Holding down two jobs as a young man in order to support a single parent can be one of the hardest things to endure. One of your jobs was working for Planned Parenthood, did you find that direct interaction with the community has helped you come to this point?

I would say, without a doubt, my time with Planned Parenthood helped me establish a certain sense of comfort when it came to direct interaction with the community, particularly public speaking. When you’re able to talk about topics that are inherently intimate in nature in front of groups of people, any leftover fear about speaking in front of crowds kind of goes out the window from that point on. I was also a peer educator during that time, putting together different presentations and demonstrations when it came to contraception. I would often meet people who didn’t necessarily agree with our message or methods of education and I see how that was a valuable experience in community engagement as well, taking the time to really hear opinions of every kind. Much of what I’ve learned has taught me to be more realistic about the world we live in.

Did those experiences lead directly to your work with Promise Neighborhood and Greater Hudson Promises?

My time with Promise Neighborhood came about while I was volunteering in after school programs here in Hudson. Eight years ago, I was invited to tour the Harlem Children’s Zone, which is something the Greater Hudson Promise Neighborhood is based on. I remember traveling down to Harlem and being absolutely floored by the initiative’s dedication to early childhood facilities, after school programs, and charter schools. I was so taken with the quality of the programs and the level of care for the kids participating that I thought we must do something like this in Hudson. The educators displayed a level of attentiveness that inspired me, also many of them were of color – something I had never experienced during my time in school.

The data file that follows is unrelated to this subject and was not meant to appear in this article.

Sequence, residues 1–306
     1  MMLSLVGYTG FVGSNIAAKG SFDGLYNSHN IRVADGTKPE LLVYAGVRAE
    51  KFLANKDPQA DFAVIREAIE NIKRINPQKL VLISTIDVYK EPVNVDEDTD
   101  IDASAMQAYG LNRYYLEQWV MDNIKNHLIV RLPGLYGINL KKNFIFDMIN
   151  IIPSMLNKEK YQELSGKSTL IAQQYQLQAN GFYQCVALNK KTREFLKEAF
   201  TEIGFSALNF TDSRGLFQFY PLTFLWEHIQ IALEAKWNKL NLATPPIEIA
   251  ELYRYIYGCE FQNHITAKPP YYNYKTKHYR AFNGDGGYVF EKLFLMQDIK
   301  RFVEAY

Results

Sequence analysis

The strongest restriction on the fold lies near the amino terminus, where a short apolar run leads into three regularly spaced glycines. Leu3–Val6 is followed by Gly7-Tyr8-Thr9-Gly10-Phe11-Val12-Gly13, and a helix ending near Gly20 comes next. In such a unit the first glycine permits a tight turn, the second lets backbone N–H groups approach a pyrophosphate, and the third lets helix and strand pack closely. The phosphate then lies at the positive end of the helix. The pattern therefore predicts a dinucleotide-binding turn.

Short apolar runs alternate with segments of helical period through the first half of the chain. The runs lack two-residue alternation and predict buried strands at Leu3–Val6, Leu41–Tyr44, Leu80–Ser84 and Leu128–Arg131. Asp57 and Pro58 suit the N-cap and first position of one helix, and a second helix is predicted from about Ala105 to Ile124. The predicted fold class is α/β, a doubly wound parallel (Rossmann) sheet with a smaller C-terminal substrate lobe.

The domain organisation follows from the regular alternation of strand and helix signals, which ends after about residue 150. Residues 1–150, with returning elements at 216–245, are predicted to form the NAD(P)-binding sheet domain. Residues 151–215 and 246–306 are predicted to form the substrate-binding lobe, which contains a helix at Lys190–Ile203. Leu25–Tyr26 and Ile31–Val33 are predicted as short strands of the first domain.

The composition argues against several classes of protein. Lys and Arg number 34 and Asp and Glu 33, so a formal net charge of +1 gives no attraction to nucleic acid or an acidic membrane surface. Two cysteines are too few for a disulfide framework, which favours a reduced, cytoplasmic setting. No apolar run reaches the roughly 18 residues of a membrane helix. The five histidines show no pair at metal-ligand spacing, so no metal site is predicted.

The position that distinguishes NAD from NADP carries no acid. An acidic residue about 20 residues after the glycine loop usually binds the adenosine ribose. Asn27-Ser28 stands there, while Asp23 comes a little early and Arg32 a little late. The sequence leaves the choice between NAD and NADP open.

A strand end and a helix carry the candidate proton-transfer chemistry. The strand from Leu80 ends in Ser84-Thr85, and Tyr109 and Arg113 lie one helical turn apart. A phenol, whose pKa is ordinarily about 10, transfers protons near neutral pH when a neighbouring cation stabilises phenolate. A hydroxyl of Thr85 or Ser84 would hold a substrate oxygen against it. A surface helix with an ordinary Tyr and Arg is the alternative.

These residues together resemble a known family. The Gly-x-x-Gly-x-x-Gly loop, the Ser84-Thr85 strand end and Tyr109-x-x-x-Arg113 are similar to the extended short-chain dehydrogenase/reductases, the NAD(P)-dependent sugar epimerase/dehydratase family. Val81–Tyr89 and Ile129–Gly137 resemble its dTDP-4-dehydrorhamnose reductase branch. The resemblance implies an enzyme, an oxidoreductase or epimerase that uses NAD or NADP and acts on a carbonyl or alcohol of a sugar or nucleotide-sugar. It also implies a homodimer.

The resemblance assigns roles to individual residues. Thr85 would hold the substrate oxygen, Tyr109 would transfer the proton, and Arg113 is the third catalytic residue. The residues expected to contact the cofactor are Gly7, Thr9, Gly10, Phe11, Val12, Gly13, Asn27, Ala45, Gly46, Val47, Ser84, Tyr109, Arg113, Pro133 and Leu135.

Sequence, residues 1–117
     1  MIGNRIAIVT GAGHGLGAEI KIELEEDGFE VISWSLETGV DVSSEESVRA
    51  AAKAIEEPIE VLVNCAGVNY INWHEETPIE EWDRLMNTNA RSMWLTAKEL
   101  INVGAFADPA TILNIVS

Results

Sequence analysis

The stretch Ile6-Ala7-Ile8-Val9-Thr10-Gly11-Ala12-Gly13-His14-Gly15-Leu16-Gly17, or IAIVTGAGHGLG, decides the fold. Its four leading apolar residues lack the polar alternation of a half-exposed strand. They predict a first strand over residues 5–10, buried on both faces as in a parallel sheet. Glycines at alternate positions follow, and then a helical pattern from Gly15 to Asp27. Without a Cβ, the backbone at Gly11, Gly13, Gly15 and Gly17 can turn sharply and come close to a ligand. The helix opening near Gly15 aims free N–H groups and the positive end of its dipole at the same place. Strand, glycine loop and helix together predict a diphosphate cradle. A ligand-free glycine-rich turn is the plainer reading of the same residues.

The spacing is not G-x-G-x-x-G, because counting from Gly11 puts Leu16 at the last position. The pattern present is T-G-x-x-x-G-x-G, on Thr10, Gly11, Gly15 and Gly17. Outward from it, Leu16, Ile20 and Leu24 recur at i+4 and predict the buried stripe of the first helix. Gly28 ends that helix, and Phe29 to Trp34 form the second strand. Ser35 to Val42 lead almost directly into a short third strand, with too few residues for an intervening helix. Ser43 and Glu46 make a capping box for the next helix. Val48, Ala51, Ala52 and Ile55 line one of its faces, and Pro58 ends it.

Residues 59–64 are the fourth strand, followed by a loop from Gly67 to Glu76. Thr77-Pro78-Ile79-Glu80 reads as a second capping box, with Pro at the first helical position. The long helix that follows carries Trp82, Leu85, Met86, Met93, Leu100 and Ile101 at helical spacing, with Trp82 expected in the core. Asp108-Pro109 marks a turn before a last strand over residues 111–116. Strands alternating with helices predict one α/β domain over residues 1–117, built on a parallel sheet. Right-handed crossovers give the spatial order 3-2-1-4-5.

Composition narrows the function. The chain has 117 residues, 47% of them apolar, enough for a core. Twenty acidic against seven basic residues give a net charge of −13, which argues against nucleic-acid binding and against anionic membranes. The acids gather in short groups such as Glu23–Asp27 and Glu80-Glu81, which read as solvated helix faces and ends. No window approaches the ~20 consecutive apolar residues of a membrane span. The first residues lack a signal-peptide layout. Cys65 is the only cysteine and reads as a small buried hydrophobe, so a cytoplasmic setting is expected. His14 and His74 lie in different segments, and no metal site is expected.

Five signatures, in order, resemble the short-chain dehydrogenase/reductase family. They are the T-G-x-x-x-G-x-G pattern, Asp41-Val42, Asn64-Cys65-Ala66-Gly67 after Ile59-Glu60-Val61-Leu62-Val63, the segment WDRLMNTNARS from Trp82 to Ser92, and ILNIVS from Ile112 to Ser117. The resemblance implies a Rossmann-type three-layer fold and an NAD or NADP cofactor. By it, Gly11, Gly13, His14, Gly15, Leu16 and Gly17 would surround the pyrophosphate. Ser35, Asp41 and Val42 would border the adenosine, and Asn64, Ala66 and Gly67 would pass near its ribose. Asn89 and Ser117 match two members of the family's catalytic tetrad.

During my time with the organization, Promise Neighborhood has transformed into a variety of initiatives. We obtained a two year planning grant in order to assess different potential programs we could realistically implement in Hudson. Even more importantly, the grant helped us discover what the primary needs of the youth community were by allowing us to conduct a full needs assessment and truly detail what Promise Neighborhood as an organization could bring to the city of Hudson. Despite the struggle that it always is to find funding, we managed to find enough to support our after school program, and two different programs in our local prisons. One upcoming program that I feel is absolutely crucial to the health of our community that will be replicated across the state is the visiting program called Children of Incarcerated Parents. Through this initiative, instead of seeing their parents from behind a glass wall, children will be able to visit an incarcerated parent in a room where those parents will be allowed to touch and hold that child, help them with homework, and spend valuable time together. I feel the impact on a child who doesn’t feel as though they are being punished for the mistakes of a parent is immeasurable.

One of the biggest issues facing residents of the Hudson Valley in recent years has been the pervasive presence of opioids, how are you planning to counter this modern crisis in our area?

As I mentioned during my swearing in ceremony, Columbia County is among the top fifteen counties in our state when it comes to opioid deaths and overdoses. This has been an issue that I have wanted to tackle since I started campaigning and am looking forward to combating it immediately. That is why, as one of my first decisions as acting Mayor of Hudson, I have brought in Chatham, NY, Police Chief Peter Volkmann to aid our city in the fight against this epidemic. Mr.Volkmann has been instrumental in making Chatham one of the safest towns in the entire state, and helped establish Chatham Cares 4 U (CC4U), a program designed to help anyone battling opioid addiction requesting help in their fight against opioids. As part of the program, treatment beds and transportation to recovery services are guaranteed – no questions asked. His compassion and experience will be invaluable in our efforts.